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June 12, 2015
No one wants Seattle's housing market to go the way of San Francisco's.
Despite spiraling rents, housing here remains relatively affordable compared to the Bay Area and some other big cities, but it may not stay that way.
A panel of housing experts at a Commercial Real Estate Women Seattle & Sound event on Thursday said holding down housing costs will require everyone to sacrifice something.
Seattle Mayor Ed Murray has set a goal of building 50,000 housing units over the next 10 years, with 20,000 of them income-restricted. He formed the Housing Affordability and Livability Advisory Committee to figure out how to get it done.
The committee's plan is due at the end of the month.
Faith Pettis, bond counsel at Pacifica Law Group and co-chair of Murray's committee, said many have likened the committee to the minimum wage task force but she says that's not a fair comparison. Minimum wage is a single issue, Pettis said, but creating affordable housing is much more complex.
“If we come up with a solution that doesn't hurt every single interest group around the table, we've failed,” Pettis said.
The solution might include linkage fees for new development. Pettis said fees are on the table, but they could be tied to incentives or set at levels that are different from what the City Council proposed.
Pettis mentioned other policies that might come out of the committee such as expanding the Multifamily Property Tax Exemption program to include existing buildings, simplifying permits, re-authorizing or expanding the housing levy, and looking at zoning changes all over — perhaps even in single-family zones that cover much of this geographically constrained city.
There was a handout at the meeting from the Coalition for Housing Solutions, which is a group of developers, property owners, architects and business associations, that offered a proposal for how to get 20,000 affordable units, without linkage fees. The group calls for changes to the MFTE program, such as extending it to existing buildings; expanding the places where it can be applied; and giving property owners who are already in the program a chance to extend beyond its 12-year timeframe.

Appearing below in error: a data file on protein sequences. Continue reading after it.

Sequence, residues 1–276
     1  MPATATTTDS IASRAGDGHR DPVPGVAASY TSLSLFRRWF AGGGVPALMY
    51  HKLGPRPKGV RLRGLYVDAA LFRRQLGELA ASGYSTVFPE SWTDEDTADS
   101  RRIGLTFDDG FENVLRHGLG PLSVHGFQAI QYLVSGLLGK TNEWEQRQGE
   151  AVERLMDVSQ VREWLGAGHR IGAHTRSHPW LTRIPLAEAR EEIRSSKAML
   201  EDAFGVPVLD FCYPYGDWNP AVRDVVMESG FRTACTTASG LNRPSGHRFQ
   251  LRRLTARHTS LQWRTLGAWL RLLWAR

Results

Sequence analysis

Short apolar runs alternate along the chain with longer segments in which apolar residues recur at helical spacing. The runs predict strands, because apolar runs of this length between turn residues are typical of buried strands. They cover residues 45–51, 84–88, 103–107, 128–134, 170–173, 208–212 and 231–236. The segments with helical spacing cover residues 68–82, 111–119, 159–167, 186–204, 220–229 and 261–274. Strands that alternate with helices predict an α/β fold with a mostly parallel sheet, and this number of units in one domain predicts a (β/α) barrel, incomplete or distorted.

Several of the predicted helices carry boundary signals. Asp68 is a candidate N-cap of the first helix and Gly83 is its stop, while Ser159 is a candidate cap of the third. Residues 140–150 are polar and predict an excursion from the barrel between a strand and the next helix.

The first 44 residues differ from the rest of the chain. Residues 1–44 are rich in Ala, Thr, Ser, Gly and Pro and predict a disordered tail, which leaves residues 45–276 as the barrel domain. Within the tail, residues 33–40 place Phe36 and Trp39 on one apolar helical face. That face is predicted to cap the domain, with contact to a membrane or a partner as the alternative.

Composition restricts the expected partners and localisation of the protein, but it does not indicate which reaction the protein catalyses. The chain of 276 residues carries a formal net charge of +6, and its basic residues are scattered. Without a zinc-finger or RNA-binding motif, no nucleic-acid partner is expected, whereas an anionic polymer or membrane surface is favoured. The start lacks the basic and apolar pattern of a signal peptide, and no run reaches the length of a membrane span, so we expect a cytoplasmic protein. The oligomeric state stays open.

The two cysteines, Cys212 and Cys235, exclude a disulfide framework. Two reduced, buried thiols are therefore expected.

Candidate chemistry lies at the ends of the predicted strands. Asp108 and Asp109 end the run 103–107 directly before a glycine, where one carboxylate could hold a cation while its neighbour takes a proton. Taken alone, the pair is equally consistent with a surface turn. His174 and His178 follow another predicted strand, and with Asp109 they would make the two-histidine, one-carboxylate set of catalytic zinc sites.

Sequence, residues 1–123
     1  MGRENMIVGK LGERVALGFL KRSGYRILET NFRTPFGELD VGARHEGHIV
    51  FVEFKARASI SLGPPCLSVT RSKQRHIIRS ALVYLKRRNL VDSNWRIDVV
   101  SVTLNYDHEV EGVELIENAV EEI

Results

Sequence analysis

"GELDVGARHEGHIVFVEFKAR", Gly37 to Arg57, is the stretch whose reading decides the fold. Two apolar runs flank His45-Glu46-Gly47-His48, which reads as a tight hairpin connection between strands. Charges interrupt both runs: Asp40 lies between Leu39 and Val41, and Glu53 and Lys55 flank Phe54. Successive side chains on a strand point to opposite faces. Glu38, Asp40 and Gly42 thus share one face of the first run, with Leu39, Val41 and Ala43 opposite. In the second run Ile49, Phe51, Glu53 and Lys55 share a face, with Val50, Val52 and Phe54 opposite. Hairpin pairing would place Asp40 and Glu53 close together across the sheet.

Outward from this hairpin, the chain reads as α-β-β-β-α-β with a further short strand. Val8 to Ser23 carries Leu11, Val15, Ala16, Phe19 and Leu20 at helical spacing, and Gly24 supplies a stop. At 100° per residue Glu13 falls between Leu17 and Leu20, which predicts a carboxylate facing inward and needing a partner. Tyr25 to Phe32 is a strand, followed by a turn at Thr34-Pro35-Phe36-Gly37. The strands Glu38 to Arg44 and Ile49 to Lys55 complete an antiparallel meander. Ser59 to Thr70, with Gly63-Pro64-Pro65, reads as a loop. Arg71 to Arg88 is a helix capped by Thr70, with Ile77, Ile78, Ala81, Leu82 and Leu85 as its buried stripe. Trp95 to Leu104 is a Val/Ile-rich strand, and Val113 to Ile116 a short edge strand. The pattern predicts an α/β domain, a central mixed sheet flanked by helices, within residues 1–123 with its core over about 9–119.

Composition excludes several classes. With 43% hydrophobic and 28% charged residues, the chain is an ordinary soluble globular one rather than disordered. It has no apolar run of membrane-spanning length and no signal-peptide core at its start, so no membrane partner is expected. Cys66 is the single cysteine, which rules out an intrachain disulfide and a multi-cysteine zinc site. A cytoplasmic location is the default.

The group says those changes to the MFTE would produce nearly 15,000 affordable units over the next 10 years.
The group recommends asking voters to approve a larger housing levy when the current one expires next year, and says that would produce another 6,600 units.
Other methods the group recommends are refining the program that allows developers more height and density in exchange for building affordable housing, and dedicating part of construction-driven tax revenue toward affordable housing.
All these changes, the group says, would produce nearly 23,000 affordable units over 10 years.
Producing that many new units is a lofty goal, but many affordable housing advocates say they are just trying to preserve the units that already exist.
“To not lose ground is going to be very difficult,” said M.A. Leonard, Pacific Northwest vice president at Enterprise Community Partners. “The market forces are not with us right now. The tide is moving against us.”
Affordable housing developers face an uphill battle. They have the same costs for land and construction as for-profit developers, but lack any financial cushion.
Leonard said most workforce housing units — those serving people making about 60 percent of area median income — don't make much money. Tax credits and other funding helps developers cover the cost, but it's hard to attract investors without a big return.
Units for the lowest-income people are even harder to build, Leonard said. Rents don't cover expenses, and the tax credits for these units are extremely competitive.
There are talks at the national level about increasing funding for tax credits, and affordable housing developers also are looking at social impact bonds. This sometimes is referred to as “pay for success” financing, where a project gets upfront funding from private investors. If the project meets a specific goal, the investors are paid back by a government agency.
Bellwether Housing's Sarah Lewontin said Bellwether is using social impact bonds to fill a funding gap on a property it recently acquired.
A government agency might invest in these types of bonds because it could save money elsewhere. Panelists said it costs more to deal with the impacts of homelessness on people — such as their medical costs — than it does to provide them with housing.
Leonard said all of these ideas must be explored. Government, residents, developers, and nonprofits all have a part to play in creating more affordable housing.
“It's not going to be a silver bullet. I think it's going to be a series of many things.” Leonard said. “Affordable housing production is complicated, and I think it's going to be a series of small wins. Everyone knows we need the money; it's a matter of who pays for it.”
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